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OSU Announces Masonic Chair Recipient
Fri, June 16, 2017
Matthew Brosi, Oklahoma State University associate professor in Human Development and Family Science in the College of Human Sciences, has been named to serve as the Masonic Chair. The university-wide endowed chair, made possible through the Masonic Charity Foundation of Oklahoma, focuses on the importance of men, masculinity, gender roles and politics.
“With the outstanding nominations, the Masonic Chair application process continues to be challenging for our reviewers,” OSU Graduate College Dean Sheryl Tucker said. “Like the inaugural competition, this review cycle also garnered talented proposals from nearly all of the colleges.”
Brosi holds a joint appointment in Human Development and Family Science and as a state specialist with the Oklahoma Cooperative Extension Service (OCES). He is a licensed marital and family therapist and serves as the director of clinical training for the marriage and family therapy program at OSU.
Brosi has been instrumental in the development of extension services’ well-recognized Co-parenting for Resilience program and its ongoing evaluation.
“I have a passion for influencing systemic and generational change that increases the well-being of not only fathers, but children and families alike” he said. “My goal is to assist in building men of strong character and ultimately in becoming leaders and models for future generations.”
“My action steps include developing and implementing a targeted plan for broader dissemination and application of research as well as bringing visibility to the mission of the Masonic Chair.”
One of the aspects of the Co-parenting for Resilience program is the established system of data collection on approximately 2,000 men per year.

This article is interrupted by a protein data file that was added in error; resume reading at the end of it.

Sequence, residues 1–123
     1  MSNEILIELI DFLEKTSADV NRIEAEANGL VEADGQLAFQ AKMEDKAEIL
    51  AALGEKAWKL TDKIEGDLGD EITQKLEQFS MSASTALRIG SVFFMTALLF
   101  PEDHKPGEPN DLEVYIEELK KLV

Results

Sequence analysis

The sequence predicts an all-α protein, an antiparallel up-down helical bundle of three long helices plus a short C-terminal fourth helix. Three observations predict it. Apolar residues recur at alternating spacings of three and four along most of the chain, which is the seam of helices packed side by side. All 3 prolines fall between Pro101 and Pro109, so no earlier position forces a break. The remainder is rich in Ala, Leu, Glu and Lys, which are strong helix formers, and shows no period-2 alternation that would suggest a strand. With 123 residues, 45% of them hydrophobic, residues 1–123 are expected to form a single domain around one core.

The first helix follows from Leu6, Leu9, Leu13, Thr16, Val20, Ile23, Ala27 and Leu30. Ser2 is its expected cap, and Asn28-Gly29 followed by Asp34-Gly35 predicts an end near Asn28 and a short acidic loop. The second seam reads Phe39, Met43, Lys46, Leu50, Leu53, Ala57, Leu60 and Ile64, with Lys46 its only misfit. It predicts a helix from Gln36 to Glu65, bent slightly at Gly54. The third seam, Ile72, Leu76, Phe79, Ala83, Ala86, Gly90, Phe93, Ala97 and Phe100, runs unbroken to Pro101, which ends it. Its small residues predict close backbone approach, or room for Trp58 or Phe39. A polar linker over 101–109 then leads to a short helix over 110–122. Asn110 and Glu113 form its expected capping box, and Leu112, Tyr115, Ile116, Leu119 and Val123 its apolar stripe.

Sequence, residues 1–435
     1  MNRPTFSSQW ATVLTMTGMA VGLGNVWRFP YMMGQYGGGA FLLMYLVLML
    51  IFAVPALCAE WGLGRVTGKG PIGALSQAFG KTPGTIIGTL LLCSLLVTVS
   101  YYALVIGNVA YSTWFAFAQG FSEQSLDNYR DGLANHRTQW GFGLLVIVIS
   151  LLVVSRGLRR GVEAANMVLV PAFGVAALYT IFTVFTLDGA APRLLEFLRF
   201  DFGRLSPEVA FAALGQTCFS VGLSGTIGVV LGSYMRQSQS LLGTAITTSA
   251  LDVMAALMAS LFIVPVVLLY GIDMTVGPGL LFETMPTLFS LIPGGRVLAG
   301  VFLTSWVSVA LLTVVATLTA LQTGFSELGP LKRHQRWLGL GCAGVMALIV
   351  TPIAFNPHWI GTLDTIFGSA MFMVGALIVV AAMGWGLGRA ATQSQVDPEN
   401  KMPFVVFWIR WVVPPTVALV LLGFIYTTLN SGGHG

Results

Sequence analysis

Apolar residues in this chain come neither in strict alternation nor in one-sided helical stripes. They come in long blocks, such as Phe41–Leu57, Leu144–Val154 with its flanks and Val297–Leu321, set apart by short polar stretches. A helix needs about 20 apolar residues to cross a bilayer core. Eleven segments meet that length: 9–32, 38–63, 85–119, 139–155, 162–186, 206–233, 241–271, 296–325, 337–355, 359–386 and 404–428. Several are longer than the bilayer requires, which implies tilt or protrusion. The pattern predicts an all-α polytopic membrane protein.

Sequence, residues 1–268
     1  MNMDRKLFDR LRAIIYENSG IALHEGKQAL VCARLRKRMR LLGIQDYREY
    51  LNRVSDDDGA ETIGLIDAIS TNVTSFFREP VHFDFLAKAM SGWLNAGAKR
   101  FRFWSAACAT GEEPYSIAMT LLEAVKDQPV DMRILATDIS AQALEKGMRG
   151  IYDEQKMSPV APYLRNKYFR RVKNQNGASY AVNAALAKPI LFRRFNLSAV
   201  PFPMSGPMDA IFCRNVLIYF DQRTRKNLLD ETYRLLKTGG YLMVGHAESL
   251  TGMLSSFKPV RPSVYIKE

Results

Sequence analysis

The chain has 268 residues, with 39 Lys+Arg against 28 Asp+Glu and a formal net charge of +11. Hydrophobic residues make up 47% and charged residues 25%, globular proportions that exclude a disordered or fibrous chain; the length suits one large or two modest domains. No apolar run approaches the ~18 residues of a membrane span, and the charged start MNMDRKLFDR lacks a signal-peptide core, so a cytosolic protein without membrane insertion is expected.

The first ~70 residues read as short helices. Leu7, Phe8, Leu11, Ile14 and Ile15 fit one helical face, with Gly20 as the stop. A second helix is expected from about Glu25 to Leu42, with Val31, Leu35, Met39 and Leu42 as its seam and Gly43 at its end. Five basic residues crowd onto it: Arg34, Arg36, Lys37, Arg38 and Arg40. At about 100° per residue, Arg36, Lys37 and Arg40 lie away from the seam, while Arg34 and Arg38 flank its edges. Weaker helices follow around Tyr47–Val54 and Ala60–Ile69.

“Having this combination of an ongoing program and data collection provides a uniquely rich opportunity to both better understand men and to test interventions designed to enhance the lives of these fathers and their families,” Brosi said.
“Professor Brosi’s background, experience and research impact are an excellent fit with the focus of the Masonic Chair,” Tucker said. “His proposed work builds on his scholarly accomplishments and creates new opportunities for disseminating research findings to improve the lives of Oklahomans. In addition, his proposal continues to integrate undergraduate and graduate students into his research program in meaningful ways, further developing our next generation of research scientists.”
The Masonic Charity Foundation of Oklahoma is the primary charitable and educational organization of Oklahoma Freemasonry. The foundation supports many programs throughout the state, including the Oklahoma Senior Assistance Program, Oklahoma Teacher of the Year, and the Oklahoma Educational Television Authority. The foundation also maintains its Matching Funds program which doubles funds raised by local Masonic Lodges for charitable and educational needs in their areas.